I guess what’s especially impressive is that the lever stands out, even though it has to compete for attention with one of the biggest display screens you’ll find in the car market today, this side of a Tesla Model S or X.
It measures 9 inches in length, roughly the display area of an iPad Mini. The graphics it displays are also very Apple-like in their clarity, while a “home” button at the base of the screen will be familiar to many as well. The system does make use of nested menus, however, so there’s often two or three input commands required for stuff that normally takes a single button press. It’s a little much, sometimes but as more and more manufacturers are going to all-touch interfaces, it’s just something we’re all going to have to get used to.
The drive modes, however, are accessed via a single button press, though, which is a nice feature. Press the wheel mounted just below the shift lever, and all six – six! — drive mode settings are displayed for you to choose from. Some of the drive mode names are pretty obvious; “power”, or “off-road” for example. There are a few question marks, though; “save” lets you save on battery power for when you need it most – in rush hour traffic, say – while “pure” goes to the other end of the spectrum, relying more heavily on the electric powertrain and modifying the climate control setting accordingly.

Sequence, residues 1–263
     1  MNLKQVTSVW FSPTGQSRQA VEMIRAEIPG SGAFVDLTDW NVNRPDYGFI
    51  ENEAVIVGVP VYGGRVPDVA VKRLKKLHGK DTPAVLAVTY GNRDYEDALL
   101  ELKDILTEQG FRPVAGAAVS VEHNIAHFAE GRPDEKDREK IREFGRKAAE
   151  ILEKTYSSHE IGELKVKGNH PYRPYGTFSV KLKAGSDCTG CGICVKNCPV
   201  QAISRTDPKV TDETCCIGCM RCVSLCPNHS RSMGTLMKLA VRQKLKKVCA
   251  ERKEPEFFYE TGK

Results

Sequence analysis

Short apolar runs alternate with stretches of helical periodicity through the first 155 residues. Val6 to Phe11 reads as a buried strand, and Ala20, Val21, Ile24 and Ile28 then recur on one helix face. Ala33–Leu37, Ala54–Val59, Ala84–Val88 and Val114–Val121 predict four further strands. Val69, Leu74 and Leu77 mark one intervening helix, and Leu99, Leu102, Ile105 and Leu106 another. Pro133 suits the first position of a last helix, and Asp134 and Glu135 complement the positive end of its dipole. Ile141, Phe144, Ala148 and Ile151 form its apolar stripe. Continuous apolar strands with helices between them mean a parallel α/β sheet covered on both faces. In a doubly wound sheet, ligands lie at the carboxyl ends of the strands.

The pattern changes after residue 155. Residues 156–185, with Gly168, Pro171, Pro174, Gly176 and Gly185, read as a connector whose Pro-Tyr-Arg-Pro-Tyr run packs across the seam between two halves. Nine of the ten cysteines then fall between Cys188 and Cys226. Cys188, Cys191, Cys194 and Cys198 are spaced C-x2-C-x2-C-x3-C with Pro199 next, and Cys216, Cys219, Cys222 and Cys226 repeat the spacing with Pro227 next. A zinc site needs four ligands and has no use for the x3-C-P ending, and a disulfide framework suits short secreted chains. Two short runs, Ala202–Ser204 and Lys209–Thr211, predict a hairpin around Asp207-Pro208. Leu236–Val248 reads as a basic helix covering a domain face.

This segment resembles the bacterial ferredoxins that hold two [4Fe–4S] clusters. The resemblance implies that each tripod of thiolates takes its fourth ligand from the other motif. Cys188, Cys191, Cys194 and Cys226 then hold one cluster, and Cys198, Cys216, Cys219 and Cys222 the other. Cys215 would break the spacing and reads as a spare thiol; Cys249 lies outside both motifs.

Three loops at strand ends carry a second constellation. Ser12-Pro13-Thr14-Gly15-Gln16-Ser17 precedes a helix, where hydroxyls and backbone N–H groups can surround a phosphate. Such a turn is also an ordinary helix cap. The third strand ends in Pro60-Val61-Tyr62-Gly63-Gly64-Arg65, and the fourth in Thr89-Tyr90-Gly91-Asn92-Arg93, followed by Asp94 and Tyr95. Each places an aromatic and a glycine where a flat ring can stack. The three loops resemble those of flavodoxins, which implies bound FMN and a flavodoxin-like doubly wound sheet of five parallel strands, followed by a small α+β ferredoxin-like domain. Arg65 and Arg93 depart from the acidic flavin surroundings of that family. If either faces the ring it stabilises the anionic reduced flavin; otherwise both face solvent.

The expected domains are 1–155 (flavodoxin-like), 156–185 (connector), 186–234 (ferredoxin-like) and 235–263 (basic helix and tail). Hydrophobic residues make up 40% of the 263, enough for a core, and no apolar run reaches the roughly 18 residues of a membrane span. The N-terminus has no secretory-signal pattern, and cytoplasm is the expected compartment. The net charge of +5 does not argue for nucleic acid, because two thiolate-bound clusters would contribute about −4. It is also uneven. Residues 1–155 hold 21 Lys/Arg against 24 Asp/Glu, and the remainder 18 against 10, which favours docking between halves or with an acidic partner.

We kept it in the default “hybrid” setting most of the time, which provides a tantalizing mix of the athletic and the economical. It charges the battery while coasting or braking, just not to the same neck-snapping degree it does in the other modes, providing a more comfortable ride overall.